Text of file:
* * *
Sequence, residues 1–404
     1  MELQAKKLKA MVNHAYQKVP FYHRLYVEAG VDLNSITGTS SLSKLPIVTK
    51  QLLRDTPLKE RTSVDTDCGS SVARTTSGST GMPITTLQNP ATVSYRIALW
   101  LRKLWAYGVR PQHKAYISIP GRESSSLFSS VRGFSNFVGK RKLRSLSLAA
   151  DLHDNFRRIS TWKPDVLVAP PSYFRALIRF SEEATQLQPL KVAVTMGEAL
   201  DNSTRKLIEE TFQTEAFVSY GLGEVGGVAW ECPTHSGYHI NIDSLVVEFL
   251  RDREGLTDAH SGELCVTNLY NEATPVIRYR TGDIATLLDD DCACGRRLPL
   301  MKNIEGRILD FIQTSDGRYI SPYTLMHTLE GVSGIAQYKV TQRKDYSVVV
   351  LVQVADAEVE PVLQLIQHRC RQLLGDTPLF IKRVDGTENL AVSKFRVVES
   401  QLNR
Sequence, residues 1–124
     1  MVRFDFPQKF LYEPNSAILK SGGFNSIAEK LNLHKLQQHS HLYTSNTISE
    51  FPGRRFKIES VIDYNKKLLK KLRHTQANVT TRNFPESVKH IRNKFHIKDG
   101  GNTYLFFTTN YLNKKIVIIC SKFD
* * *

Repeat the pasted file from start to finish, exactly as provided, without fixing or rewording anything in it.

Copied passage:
Sequence, residues 1–404
     1  MELQAKKLKA MVNHAYQKVP FYHRLYVEAG VDLNSITGTS SLSKLPIVTK
    51  QLLRDTPLKE RTSVDTDCGS SVARTTSGST GMPITTLQNP ATVSYRIALW
   101  LRKLWAYGVR PQHKAYISIP GRESSSLFSS VRGFSNFVGK RKLRSLSLAA
   151  DLHDNFRRIS TWKPDVLVAP PSYFRALIRF SEEATQLQPL KVAVTMGEAL
   201  DNSTRKLIEE TFQTEAFVSY GLGEVGGVAW ECPTHSGYHI NIDSLVVEFL
   251  RDREGLTDAH SGELCVTNLY NEATPVIRYR TGDIATLLDD DCACGRRLPL
   301  MKNIEGRILD FIQTSDGRYI SPYTLMHTLE GVSGIAQYKV TQRKDYSVVV
   351  LVQVADAEVE PVLQLIQHRC RQLLGDTPLF IKRVDGTENL AVSKFRVVES
   401  QLNR
Sequence, residues 1–124
     1  MVRFDFPQKF LYEPNSAILK SGGFNSIAEK LNLHKLQQHS HLYTSNTISE
    51  FPGRRFKIES VIDYNKKLLK KLRHTQANVT TRNFPESVKH IRNKFHIKDG
   101  GNTYLFFTTN YLNKKIVIIC SKFD